Each year, thousands of young adults are incarcerated for a variety of offenses.
We often hear about these incarcerations with debates on its morality and efficiency dominating the headlines.
What is perhaps less discussed is the true price that this system of justice takes from those who experience it first hand.
It’s not just an injustice in terms of punitive measures doled out but a vicious cycle that can take years to unravel and threatens even further marginalization for many individuals.
In fact, research shows that incarceration’s effects on our youth is not limited only to their present well-being and can have consequences long into their adulthood.
The Hidden Costs of Youth
Incarcerated youth face a lifetime of emotional, mental, and economic challenges that can have long-term repercussions on their lives and the lives of their family and friends.
Let’s take a further look at some of them.
Mental Health Issues
This is one of the most significant costs of youth incarceration.
A primary mental health consequence is the separation from their family and community.
For many, this separation can be traumatic, leading to feelings of abandonment and isolation.
This sense of loss can make it difficult for young people to cope in their new environment and adjust to life outside prison.
In addition to experiencing social isolation while incarcerated, many are also exposed to trauma and abuse while they are locked up.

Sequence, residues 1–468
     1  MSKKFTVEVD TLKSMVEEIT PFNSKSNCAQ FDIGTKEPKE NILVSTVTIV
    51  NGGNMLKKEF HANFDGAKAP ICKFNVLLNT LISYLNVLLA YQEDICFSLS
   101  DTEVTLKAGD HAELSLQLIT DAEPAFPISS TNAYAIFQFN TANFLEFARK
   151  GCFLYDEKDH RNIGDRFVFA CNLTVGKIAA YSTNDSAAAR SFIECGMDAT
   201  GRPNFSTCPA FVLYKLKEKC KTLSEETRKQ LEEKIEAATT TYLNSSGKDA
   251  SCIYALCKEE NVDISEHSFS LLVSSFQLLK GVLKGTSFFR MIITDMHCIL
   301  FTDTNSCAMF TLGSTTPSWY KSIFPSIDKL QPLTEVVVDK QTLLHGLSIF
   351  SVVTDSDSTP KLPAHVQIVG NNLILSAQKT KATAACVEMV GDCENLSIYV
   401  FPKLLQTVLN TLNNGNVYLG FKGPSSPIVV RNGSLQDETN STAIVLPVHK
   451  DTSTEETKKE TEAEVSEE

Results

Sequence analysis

Being confined to a small space with strangers can lead to feelings of insecurity and fear, which can have long-term psychological effects such as depression, anxiety, and post-traumatic stress disorder (PTSD).
These mental health issues can linger long after a person has been released from prison – leading to difficulties in finding and maintaining employment, as well as forming and maintaining relationships with family and friends.
Another cost associated with youth incarceration is financial hardship.
Incarcerated individuals often lose access to educational and career opportunities while they are in prison, making it difficult for them to find stable employment upon release.
They may also struggle with accessing financial aid or public assistance programs due to their criminal record; and those who are released from prison may have difficulty obtaining credit or loans due to their criminal history.
The social stigma attached to having a criminal record can be another significant cost for those who have been incarcerated as youths.
Many employers will not hire applicants who have a criminal record, regardless of the offense or how long ago it occurred. This can lead those with a criminal record facing discrimination when renting an apartment or applying for other services such as insurance or banking services.
This type of stigma can follow an individual throughout their life and limit their ability to fully participate in society after they have served their time in prison.
It’s important that we recognize these costs so that we can support those who have been impacted by incarceration
We must strive towards a future where all young people have equal opportunities regardless of their past mistakes or involvement with the criminal justice system.
Only then will we be able to create a fairer world for everyone involved in the juvenile justice system today and into the future.